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Copyright: Albanian Media Institute - Instituti Shqiptar i Medias, 2011
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Study trip of Serbian journalists to Albania
RoundtableA training session on reporting diversity, with a specific focus on Roma and Egyptians, was organized with journalists at the Albanian Media Institute on March 2-4, with the participation of 15 journalists from mainstream print and electronic media. The first part of the course addressed the importance of reporting diversity correctly in the media and the significance of cultural diversity in society. Journalists became familiar with and discussed ways of recognizing and accepting the Other, and reporting this topic in an appropriate way. Specific attention was paid to stereotypes, prejudice, and discrimination in reporting in the media. Another major field of the course was community journalism and reporting diversity, taking into account specific media coverage, as well as social media role in this aspect.

The second part of the course introduced the journalists to the most relevant issues related to Roma situation in the country and analyze with them the media coverage on Roma and identify ways to improve it. The lecturers introduced the participants to a brief history of Roma in Albania, the existing stereotypes in society and in media regarding Roma, and addressed specific ways to improve Roma coverage in the media. Specific attention was paid to the language used vis-a-vis Roma, and the space devoted to them in mainstream media. Other important issues discussed including the lack of official statistics on Roma and the way this affects media coverage on them, the official Strategy for the Roma community, the civil society attempts made in this regard, etc. A special analysis was made on media coverage of Roma minority, bringing examples that had sparked media interest on Roma population, and analyzing the reasons for this interest and ways to increase and improve media coverage on Roma. This training session was organized by Albanian Media Institute, with the support of Soros Foundation.
Reporting diversity training course
Fatos Lubonja receives Prince Claus Award
Well-known Albanian columnist and writer Fatos Lubonja received the prestigious Prince Claus Award from the ambassador of the Kingdom of the Netherlands in a ceremony organized on March 14, 2016, in Tirana. The award is presented each year to artists and intellectuals in recognition of the quality of their work and their impact on development of their society.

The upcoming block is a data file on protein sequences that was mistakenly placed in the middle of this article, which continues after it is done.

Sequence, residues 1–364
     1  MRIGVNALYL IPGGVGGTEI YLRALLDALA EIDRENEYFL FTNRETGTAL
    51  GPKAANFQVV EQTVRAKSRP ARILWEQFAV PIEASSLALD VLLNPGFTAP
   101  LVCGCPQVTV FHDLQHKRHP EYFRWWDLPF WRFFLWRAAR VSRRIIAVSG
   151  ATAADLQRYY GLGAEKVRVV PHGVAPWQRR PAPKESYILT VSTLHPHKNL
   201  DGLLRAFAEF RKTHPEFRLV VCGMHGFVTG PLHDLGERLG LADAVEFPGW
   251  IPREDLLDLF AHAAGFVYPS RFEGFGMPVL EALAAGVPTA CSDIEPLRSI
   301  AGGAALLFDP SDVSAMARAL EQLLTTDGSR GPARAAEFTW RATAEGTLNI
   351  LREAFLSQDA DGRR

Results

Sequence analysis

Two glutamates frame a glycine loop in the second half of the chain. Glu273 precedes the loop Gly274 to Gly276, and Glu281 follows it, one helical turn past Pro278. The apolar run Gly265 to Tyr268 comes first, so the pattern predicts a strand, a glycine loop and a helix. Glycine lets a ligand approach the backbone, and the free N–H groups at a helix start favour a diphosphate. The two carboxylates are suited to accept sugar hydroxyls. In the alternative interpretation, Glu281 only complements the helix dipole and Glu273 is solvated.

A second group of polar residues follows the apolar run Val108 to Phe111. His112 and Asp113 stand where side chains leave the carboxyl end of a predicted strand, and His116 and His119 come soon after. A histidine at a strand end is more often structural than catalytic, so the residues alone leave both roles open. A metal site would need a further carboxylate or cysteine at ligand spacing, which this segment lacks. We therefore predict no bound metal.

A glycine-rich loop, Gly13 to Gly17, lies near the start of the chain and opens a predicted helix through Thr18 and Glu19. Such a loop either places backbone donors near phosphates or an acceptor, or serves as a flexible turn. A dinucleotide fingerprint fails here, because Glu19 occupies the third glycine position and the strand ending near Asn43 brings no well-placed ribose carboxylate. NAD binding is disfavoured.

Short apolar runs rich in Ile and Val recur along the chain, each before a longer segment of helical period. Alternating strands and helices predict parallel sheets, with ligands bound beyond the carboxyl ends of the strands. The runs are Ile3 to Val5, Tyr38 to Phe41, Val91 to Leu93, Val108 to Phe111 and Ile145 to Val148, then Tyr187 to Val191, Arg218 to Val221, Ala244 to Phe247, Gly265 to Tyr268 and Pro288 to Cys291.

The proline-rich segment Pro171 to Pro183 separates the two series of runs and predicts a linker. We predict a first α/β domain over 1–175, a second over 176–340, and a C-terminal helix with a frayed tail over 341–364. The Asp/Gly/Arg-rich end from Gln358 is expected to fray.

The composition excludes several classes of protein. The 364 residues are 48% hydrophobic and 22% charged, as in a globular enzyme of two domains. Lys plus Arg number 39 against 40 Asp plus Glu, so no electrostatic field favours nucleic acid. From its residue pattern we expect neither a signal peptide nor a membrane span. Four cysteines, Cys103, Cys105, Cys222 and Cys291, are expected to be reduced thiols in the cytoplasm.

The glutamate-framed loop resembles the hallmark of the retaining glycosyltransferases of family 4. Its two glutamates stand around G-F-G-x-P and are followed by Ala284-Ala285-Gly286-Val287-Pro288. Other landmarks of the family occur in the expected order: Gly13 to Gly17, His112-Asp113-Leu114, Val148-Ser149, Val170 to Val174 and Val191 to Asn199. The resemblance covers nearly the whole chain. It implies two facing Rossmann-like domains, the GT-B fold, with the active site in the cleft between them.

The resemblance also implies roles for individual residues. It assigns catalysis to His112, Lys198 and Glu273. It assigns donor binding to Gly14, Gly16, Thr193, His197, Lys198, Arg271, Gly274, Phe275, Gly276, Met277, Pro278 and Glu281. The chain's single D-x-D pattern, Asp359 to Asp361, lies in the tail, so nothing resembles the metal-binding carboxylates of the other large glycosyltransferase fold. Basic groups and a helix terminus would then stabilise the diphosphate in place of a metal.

According to the selection committee, the award motivation was based on Lubonja's honest and accounts of episodes in Albania's recent history, his intellectual integrity and independence, for his fight for democracy and human rights, as well as for broadening the scope of public debate.
EU Award for Investigative Journalism in 2015 announced in Albania
EU AwardJournalist Leonard Bakillari was awarded first prize in the EU Investigative Journalism Award 2015 for Albania contest, for his article on corruption in the judiciary system, published in reporter.al news portal. Second prize went to Ornela Liperi of economic magazine "Monitor" for her article on the financial crisis and debt situation of business companies in Albania. The award for best article by young investigative journalist was given to Habjon Hasani for his TV report on the petroleum concession and its effects on economy, in the framework of the program "Të Paekspozuarit" of Ora News TV. Award ceremony was held on May 12th, 2016, at Tirana Times Bookshop, Tirana. A total of 29 investigative stories were nominated for this year's EU Award in Albania, 18 of whom from journalists under 35. Jury consisted of five prominent media professionals and civil society representatives: Aleksander Cipa, head of Union of Albanian Journalists and jury chair, Lutfi Dervishi, media expert, Ani Ruci, Deutsche Welle correspondent, Rrapo Zguri, professor of journalism, and Lavdrim Lita, member of EU Policy HUB.

"Freedom of expression and freedom of the media implies a committment to democracy, good governance and political accountability. These are some of prerequisites for a country to become part of the EU and one of the reasons why each of you play such an important role in creating EU standards," said Jan Rudolph, Head of Political, Economic and Information Section announcing the EU Investigative Journalism Awards.